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Alexander Feldman is a founder and a president of General Diagnostics, a privately owned AI lab in Delft, The
Netherlands. Alexander Feldman worked as a postdoc at
University College Cork and a visiting researcher at Ecole
Polytechnique Fédérale de Lausanne (EPFL), Delft University of Technology, and PARC Incorporated (former Xerox
PARC). He obtained his Ph.D. (cum laude) in computer sci-ence/artificial intelligence and M.Sc. (cum laude) in parallel
and distributed systems from the Delft University of Technology. He has published in leading conference proceedings
and international journals covering topics in artificial intelligence, model-based diagnosis, and engineering. In cooperation with NASA Ames Research Center and PARC,
Alexander Feldman coorganized the International Diagnostic Competitions (DXC). Feldman’s interest cover a wide
spectrum, including topics such as model-based diagnosis,
automated problem solving, software and hardware design,
design of diagnostic space applications, digital signal processing, and localization.
Johan de Kleer is a research fellow and area manager of the
model-based reasoning area at Xerox’s Palo Alto Research
Center. His core interest is building a system that can reason about the physical world as well as he can. de He received his Ph.D. from the Massachusetts Institute of Technology in 1979 in artificial intelligence. He has published
widely on qualitative physics, model-based reasoning, truth
maintenance systems, and knowledge representation. He
has coauthored three books: Readings in Qualitative Physics,
Readings in Model-Based Diagnosis, and Building Problem
Solvers. In 1987 he received the prestigious Computers and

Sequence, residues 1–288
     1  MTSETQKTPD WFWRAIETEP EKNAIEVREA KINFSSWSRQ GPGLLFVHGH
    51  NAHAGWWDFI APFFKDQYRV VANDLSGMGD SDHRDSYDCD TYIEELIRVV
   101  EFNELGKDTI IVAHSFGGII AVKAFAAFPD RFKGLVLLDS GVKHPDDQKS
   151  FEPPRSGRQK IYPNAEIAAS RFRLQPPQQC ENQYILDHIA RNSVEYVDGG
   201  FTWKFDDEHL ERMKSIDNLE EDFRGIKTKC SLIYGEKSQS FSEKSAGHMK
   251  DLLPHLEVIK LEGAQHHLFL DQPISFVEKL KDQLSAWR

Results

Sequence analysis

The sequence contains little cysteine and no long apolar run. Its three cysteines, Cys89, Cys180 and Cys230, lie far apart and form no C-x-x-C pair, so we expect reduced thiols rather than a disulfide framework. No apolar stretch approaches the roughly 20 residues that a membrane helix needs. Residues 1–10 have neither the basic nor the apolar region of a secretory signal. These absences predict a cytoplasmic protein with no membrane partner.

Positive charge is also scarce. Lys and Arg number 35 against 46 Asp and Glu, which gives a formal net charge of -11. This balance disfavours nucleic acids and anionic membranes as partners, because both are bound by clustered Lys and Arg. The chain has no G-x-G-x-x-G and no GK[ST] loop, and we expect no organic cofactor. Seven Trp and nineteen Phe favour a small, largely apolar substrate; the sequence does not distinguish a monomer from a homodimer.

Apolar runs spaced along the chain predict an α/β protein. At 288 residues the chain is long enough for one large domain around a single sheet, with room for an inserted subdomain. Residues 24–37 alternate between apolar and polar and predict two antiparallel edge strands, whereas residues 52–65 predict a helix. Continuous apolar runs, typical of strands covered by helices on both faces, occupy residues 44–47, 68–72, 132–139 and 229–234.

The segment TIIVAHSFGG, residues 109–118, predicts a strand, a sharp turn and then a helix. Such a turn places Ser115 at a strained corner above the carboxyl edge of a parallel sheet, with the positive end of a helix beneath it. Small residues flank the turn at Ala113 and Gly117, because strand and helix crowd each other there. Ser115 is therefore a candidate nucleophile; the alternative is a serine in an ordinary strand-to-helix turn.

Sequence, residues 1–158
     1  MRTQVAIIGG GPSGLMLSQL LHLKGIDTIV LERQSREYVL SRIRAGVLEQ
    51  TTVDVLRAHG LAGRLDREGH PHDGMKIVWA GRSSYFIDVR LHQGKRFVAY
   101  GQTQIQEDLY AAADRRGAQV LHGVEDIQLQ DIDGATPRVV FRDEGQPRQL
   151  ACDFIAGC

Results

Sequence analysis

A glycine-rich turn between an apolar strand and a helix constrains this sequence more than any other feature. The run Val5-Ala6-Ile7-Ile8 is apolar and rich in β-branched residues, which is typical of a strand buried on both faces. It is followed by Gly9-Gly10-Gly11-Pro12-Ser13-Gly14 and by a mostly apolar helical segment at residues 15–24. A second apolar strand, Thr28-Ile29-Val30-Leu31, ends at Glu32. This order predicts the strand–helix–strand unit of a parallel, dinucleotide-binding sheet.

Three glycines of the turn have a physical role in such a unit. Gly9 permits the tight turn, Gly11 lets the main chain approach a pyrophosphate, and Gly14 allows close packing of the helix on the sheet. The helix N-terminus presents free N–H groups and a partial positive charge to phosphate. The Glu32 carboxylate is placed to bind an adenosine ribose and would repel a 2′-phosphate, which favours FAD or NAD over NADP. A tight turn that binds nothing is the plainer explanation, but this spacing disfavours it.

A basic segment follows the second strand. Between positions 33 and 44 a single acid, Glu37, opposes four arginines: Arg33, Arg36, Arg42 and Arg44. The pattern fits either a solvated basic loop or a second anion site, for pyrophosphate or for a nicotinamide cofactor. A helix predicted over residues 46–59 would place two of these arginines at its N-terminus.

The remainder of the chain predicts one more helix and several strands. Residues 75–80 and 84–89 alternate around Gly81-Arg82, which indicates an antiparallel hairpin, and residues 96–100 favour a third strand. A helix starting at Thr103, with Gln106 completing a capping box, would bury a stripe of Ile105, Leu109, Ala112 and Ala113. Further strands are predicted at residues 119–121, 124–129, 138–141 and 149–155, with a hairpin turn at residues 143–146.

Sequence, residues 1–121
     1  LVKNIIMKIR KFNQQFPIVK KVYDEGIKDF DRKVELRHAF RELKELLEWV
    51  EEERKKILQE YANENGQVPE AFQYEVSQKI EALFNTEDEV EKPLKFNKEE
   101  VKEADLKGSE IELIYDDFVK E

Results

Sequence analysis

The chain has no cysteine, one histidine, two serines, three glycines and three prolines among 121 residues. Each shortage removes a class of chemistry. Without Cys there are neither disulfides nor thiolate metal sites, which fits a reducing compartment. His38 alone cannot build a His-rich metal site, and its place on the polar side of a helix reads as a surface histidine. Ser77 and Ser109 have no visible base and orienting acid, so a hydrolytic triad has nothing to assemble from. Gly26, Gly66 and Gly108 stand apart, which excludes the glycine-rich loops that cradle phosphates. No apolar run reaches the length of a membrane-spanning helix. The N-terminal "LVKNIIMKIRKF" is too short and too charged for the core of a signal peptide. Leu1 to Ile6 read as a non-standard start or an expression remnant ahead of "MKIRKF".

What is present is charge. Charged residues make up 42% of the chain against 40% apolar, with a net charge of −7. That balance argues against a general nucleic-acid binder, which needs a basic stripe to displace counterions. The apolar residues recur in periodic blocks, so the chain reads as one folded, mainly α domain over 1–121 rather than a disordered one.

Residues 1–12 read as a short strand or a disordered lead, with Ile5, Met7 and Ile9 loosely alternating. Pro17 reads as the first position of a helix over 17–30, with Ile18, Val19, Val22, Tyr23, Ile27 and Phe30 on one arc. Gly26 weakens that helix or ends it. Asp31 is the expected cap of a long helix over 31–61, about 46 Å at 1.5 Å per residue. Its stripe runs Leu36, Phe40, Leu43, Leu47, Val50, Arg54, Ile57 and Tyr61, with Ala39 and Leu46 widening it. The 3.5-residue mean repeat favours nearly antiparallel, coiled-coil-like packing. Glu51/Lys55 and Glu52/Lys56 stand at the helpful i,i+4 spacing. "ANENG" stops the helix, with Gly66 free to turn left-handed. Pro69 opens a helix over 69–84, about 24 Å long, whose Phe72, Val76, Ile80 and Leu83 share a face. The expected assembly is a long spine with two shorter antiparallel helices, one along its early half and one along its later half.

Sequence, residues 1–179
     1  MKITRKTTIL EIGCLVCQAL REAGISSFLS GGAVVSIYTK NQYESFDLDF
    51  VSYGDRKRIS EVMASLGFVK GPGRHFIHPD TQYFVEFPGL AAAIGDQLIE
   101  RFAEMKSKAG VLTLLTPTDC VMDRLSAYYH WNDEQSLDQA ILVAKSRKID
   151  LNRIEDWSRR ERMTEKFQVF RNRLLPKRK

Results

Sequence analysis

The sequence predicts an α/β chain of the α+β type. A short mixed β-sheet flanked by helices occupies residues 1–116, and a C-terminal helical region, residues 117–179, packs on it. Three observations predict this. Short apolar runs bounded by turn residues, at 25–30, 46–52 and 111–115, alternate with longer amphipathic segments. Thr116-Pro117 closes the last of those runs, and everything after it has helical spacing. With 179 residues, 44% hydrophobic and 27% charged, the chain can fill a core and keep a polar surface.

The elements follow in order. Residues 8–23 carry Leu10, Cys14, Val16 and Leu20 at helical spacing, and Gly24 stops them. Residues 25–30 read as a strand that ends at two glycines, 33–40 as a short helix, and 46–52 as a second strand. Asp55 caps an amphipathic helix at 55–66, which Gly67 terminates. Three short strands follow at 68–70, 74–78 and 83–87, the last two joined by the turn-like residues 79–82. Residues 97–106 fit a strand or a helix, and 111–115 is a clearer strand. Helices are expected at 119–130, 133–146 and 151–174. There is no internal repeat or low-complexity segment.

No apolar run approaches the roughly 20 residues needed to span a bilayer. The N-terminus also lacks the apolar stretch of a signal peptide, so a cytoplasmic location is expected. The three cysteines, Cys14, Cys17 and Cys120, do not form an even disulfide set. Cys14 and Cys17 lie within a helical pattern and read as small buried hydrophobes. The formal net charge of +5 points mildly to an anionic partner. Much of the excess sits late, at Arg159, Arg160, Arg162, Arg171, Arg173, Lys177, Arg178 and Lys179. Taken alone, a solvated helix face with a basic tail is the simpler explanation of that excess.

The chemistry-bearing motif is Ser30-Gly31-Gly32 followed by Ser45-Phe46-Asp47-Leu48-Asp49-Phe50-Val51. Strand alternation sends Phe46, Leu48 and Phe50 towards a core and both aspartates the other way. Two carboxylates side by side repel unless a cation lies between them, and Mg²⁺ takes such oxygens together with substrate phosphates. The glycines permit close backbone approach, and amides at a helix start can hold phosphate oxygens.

Thought Award at the International Joint Conference on
Artificial Intelligence. He is a fellow of theAssociation for
the Advancement of Artificial Intelligence and the Association of Computing Machinery.
Tolga Kurtoglu is the director of PARC’s Design and Digital Manufacturing Program, where he leads business development, strategy, execution, and technology commercialization for a portfolio of software technologies serving
computer aided-design (CAD), product life-cycle management (PLM), and digital manufacturing markets. Recently,
he has been the project lead and PI for four DARPA projects: META, iFAB, C2M2L, and iFoundry. His research focuses on design and development of complex systems, applied intelligence for engineering systems, design theory
and methodology with a specialization in design creation
and innovation, and design automation and optimization.
His research spans the areas of model-based systems engineering, automated reasoning, prognostics and health
management, and risk and reliability-based design.
Sriram Narasimhan is a project scientist with the University of California, Santa Cruz working as a contractor at the
NASA Ames Research Center in the Discovery and Systems
Health area. His research interests are in model-based diagnosis with a focus on hybrid and stochastic systems. He is
the technical lead for the Hybrid Diagnosis Engine (HyDE)
project. He received his M.S. and Ph.D. in electrical engineering and computer science from Vanderbilt University.
He also has an MS in economics from Birla Institute of
Technology and Science.
Scott Poll received a BSE degree in aerospace engineering
from the University of Michigan, Ann Arbor, in 1994, and
an MS degree in aeronautical engineering from the California Institute of Technology, Pasadena, in 1995. He is a researcher at the National Aeronautics and Space Administration (NASA) Ames Research Center in Moffett Field, CA,
where he is the deputy lead for the Diagnostics and Prognostics Group in the Intelligent Systems Division. He is
coleading a laboratory designed to enable the development,
maturation, and benchmarking of diagnostic, prognostic,
and decision technologies for systems health management
David Garcia is a software developer in the Innovation,
Design, and Engineering Analytics (IDEA) team at the Palo
Alto Research Center, where he designs and implements
software solutions for various research projects. His current
focus is on data analytics and software solutions for health
care. Prior to joining PARC, Garcia worked at NASA Ames
Research Center, where he wrote software to aid research
performed by the Diagnostics and Prognostics group, and
led the development of the Diagnostic Competition Framework, a suite of software tools for evaluating and comparing diagnostic technologies. Garcia received his BS in math-